Dell Inspiron 15 7559

We've all had it happen. You've had your laptop for a few years and it's starting to feel sluggish when you're running modern, demanding tasks. Maybe your RAM's just not up to snuff, or your old spinning-disk hard drive is starting to falter. It's time to upgrade! But instead of pitching the entire laptop, you might be able to swap out some bits inside to breath in some new life.

Unfortunately, unlike desktop PCs that are generally completely upgradable, laptops are increasingly sealed units that may have certain limitations when it comes to accessing the insides and tinkering with what's contained within the chassis. Actually gazing at specific components is one thing, being able to remove said chips and boards and replace with enhanced replacements is a completely different ball game.


The most common upgrades these days in laptops are RAM and storage drives. The latter is a recommended task on machines that sport a mechanical drive, which can be upgraded to a vastly superior SSD solution. The same goes for RAM when the total amount available to Windows and applications is below 4GB. Moving up to 8GB or even 16GB can really boost productivity and multitasking.

We'd avoid touching anything else inside most laptops, such as the Wi-Fi card or CPU, unless you absolutely know what you're doing and are sure everything is compatible. The easiest way to see just what you'll be able to do with the laptop is to look on the manufacturer's website or open up the PC and take a look inside. The latter usually involves removing a number of screws on the underside, but be sure to check with the manual (or online guides) for further details.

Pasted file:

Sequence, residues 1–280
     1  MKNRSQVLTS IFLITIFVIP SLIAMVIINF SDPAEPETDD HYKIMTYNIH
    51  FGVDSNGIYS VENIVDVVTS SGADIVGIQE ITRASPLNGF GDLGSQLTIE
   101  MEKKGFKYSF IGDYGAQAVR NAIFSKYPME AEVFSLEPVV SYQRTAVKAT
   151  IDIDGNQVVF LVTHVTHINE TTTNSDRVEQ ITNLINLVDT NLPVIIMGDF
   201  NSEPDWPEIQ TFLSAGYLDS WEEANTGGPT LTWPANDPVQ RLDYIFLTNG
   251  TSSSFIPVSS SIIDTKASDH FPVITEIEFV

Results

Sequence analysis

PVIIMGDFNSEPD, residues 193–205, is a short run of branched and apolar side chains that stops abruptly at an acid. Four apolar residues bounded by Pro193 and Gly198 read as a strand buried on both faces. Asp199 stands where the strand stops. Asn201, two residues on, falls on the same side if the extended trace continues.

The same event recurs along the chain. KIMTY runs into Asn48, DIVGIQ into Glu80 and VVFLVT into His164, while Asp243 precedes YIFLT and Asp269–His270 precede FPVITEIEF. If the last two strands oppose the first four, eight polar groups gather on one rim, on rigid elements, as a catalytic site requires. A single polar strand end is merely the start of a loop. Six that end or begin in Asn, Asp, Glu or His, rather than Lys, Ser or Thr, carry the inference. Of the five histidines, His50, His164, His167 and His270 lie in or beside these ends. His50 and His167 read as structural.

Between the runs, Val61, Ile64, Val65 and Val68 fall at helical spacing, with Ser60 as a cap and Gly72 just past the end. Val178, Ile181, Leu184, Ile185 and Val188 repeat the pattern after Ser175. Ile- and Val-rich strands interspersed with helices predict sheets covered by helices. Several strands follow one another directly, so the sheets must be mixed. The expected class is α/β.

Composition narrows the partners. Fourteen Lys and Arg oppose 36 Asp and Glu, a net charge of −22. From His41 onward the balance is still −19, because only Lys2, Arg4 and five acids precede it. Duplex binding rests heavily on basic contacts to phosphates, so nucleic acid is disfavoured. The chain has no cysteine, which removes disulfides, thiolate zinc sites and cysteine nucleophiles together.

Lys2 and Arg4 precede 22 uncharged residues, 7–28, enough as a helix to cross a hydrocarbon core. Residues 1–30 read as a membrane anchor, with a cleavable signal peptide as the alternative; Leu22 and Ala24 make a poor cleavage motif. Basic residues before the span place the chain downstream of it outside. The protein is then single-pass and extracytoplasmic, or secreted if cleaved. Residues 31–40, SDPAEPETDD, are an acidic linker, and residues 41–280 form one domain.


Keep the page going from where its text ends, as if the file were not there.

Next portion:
Crucial RAM/SSD Checker

Crucial sells branded RAM and SSDs and the company has a handy tool available that can quickly check if you're able to upgrade the memory or storage in thousands of laptops.

  1. Head to Crucial's website.
  2. Select the manufacturer of your laptop.

    Crucial Checker

  3. Choose the product family.
  4. Select the model of your particular laptop.
  5. Hit "Find upgrade".

The tool should return results as to what type of RAM your laptop supports and whether an SSD upgrade is in on the cards. Crucial will, of course, recommend its own products for you to use (we highly recommend the brand), but you can use alternatives from other companies, so long as you match up specifications. Be wary when it comes to SSDs as there are multiple types available. The same goes for RAM with regards to DDR2, DDR3 and DDR4.

It's also worth noting that you'll need to clone the old drive in order to continue using your Windows installation on the new storage solution. That or you can re-install Windows on the new storage drive to start fresh.